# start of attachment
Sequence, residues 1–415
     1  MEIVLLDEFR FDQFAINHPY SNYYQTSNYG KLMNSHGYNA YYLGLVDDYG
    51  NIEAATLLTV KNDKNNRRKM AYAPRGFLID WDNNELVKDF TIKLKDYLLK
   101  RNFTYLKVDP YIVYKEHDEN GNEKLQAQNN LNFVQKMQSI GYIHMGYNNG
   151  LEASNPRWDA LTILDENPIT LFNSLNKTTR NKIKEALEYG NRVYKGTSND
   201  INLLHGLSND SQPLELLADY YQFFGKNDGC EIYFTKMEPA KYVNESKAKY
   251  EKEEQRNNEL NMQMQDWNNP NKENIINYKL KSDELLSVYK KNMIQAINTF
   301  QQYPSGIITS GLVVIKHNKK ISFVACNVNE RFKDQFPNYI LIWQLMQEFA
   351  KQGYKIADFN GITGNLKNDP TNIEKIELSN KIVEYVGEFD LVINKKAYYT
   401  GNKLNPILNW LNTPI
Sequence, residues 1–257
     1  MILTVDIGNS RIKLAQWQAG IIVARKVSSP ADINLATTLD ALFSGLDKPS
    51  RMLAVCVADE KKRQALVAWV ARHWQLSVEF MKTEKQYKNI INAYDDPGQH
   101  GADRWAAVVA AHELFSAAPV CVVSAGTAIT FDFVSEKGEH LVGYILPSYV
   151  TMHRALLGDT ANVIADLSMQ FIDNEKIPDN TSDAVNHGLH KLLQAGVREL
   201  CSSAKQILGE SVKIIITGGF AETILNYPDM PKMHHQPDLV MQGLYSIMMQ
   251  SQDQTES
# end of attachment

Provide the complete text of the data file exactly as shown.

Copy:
Sequence, residues 1–415
     1  MEIVLLDEFR FDQFAINHPY SNYYQTSNYG KLMNSHGYNA YYLGLVDDYG
    51  NIEAATLLTV KNDKNNRRKM AYAPRGFLID WDNNELVKDF TIKLKDYLLK
   101  RNFTYLKVDP YIVYKEHDEN GNEKLQAQNN LNFVQKMQSI GYIHMGYNNG
   151  LEASNPRWDA LTILDENPIT LFNSLNKTTR NKIKEALEYG NRVYKGTSND
   201  INLLHGLSND SQPLELLADY YQFFGKNDGC EIYFTKMEPA KYVNESKAKY
   251  EKEEQRNNEL NMQMQDWNNP NKENIINYKL KSDELLSVYK KNMIQAINTF
   301  QQYPSGIITS GLVVIKHNKK ISFVACNVNE RFKDQFPNYI LIWQLMQEFA
   351  KQGYKIADFN GITGNLKNDP TNIEKIELSN KIVEYVGEFD LVINKKAYYT
   401  GNKLNPILNW LNTPI
Sequence, residues 1–257
     1  MILTVDIGNS RIKLAQWQAG IIVARKVSSP ADINLATTLD ALFSGLDKPS
    51  RMLAVCVADE KKRQALVAWV ARHWQLSVEF MKTEKQYKNI INAYDDPGQH
   101  GADRWAAVVA AHELFSAAPV CVVSAGTAIT FDFVSEKGEH LVGYILPSYV
   151  TMHRALLGDT ANVIADLSMQ FIDNEKIPDN TSDAVNHGLH KLLQAGVREL
   201  CSSAKQILGE SVKIIITGGF AETILNYPDM PKMHHQPDLV MQGLYSIMMQ
   251  SQDQTES